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Something to ponder

It is crucial to acknowledge the close relationship that exists between the health of our planet’s plant life and indigenous cultures as we unite to mark International Day of Plant Health on May 12. Indigenous peoples have coexisted peacefully with the natural world for ages, having long since come to grasp the delicate balance that exists between people, plants, and the environment.

Indigenous knowledge systems, which emphasize the value of protecting ecosystems, sustaining biodiversity, and honouring the interdependence of all living things, provide priceless insights on sustainable land stewardship techniques. In addition to having their roots in cultural legacy, these traditional methods are also highly relevant in tackling modern issues including food security, habitat loss, and climate change.

Reciprocity, or the belief that people are a part of a wider web of life and have an obligation to care for and maintain the natural world, is one of the core ideas of indigenous stewardship. This philosophy directs how Indigenous nations engage with flora, encouraging behaviours that support resilience, regeneration, and an appreciation of the intrinsic worth of all living things.

Indigenous peoples have a deep reverence for plants that extends beyond their practical uses and includes spiritual, cultural, and medical aspects. Plants are revered as sacred beings that hold the knowledge of ages and are vital for sustenance, healing, and ceremonial purposes. Oral traditions have transmitted traditional knowledge about the identification, cultivation, and usage of plants, which represents a rich tapestry of ecological expertise and cultural history.

In spite of this, Indigenous groups still confront many difficulties, such as land dispossession, environmental degradation, and loss of traditional knowledge, despite their significant contributions to plant health and conservation. In order to address these urgent concerns together, it is essential that we acknowledge and respect indigenous land rights, protect indigenous sovereignty, and meaningfully collaborate with indigenous peoples.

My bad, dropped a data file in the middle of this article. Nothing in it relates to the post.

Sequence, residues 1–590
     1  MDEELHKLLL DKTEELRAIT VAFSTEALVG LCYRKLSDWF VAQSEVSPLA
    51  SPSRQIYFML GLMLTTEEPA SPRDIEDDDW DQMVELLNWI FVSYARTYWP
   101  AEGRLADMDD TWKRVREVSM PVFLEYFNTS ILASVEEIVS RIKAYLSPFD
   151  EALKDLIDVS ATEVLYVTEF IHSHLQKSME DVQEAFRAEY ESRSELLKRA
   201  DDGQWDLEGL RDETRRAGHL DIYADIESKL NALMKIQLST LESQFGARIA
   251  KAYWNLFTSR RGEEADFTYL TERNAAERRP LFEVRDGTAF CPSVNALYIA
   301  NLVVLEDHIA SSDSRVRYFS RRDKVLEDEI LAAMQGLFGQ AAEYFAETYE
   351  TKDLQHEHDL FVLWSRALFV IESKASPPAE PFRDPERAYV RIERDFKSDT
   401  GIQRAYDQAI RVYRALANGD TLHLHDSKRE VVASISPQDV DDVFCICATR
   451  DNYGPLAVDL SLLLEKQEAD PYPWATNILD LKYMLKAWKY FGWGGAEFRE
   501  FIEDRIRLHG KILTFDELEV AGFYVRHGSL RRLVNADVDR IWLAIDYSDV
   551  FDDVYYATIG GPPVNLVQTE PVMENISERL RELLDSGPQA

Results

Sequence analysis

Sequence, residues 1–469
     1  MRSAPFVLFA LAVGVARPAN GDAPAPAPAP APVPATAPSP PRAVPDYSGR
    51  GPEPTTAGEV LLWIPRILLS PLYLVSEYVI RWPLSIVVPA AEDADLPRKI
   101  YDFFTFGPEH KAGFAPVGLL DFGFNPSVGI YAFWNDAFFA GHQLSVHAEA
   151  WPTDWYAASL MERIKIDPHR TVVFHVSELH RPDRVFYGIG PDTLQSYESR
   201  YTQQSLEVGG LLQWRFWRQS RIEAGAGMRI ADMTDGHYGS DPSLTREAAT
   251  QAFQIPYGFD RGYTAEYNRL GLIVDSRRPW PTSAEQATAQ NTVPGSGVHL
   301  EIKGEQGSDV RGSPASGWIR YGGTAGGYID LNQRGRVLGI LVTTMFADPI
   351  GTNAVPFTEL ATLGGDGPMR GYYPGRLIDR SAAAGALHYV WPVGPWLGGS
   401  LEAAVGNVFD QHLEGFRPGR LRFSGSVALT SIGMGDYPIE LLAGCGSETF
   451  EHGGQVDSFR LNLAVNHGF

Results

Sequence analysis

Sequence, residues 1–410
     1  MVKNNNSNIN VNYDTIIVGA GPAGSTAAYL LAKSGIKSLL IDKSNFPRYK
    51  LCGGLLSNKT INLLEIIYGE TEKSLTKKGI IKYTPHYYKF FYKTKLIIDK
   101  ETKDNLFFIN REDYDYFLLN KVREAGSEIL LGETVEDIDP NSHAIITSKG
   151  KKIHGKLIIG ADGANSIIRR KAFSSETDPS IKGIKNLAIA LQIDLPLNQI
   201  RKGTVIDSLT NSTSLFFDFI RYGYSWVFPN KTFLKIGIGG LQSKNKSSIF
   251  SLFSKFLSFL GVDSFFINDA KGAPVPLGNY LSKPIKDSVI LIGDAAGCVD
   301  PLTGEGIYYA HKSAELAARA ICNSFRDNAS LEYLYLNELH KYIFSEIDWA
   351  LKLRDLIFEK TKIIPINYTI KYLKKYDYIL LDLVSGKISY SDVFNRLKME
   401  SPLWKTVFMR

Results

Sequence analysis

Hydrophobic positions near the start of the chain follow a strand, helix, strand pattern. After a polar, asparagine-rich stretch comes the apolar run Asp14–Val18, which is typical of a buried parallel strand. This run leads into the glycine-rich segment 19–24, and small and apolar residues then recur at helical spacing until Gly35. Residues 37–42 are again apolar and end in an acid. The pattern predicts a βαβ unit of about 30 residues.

Let’s recognize and appreciate the vital contributions made by indigenous peoples to the preservation of biodiversity and plant health on this World Day of Plant Health. Let us pledge to support conservation efforts led by Indigenous peoples, learn from their knowledge systems, and build relationships based on respect, reciprocity, and shared stewardship of our planet.

By working together, we can create a future in which ecosystems prosper, plants flourish, and all life is valued and preserved for future generations.

Volunteers needed at the Indigenous Health Centre of Tiotià:ke!

You can find the sign-up form here.


On May 2, 1670, Hudson’s Bay Company claims Rupert’s Land, an area of 3,861,400 square kilometers around Hudson Bay and on May 4, 1493, the Doctrine of Discovery was instituted.

Save the date

On this first part of May, aside from the International Day of Plant Health, there are a few International Days: on May 13 is World Migratory Bird Day, on May 15, International Day of Families and on May 16, International Day of Living Together in Peace. Let’s celebrate!

Food for thought

“The land does not belong to us. We belong to the land.” What would change if this principle were enshrined into Canadian law?

Resource: Home on Native Land, a ten-week course from Raven

A reminder

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Resources for dedication of Mohawk Bible Many Mohawk Bibles have already been delivered to individuals and communities of faith, with more on their way. The Living into Right Relations Leadership Circle has developed some ideas to help communities of faith dedicate their copies of the Mohawk Bible with respect and gratitude, including liturgical resources, video clips of Harvey Satewas Gabriel reading from the Mohawk Bible and other resources about the significance of this translation.

Download resources: Ohiatonhseratokénti, The Holy Bible in Mohawk (DOC) or (PDF)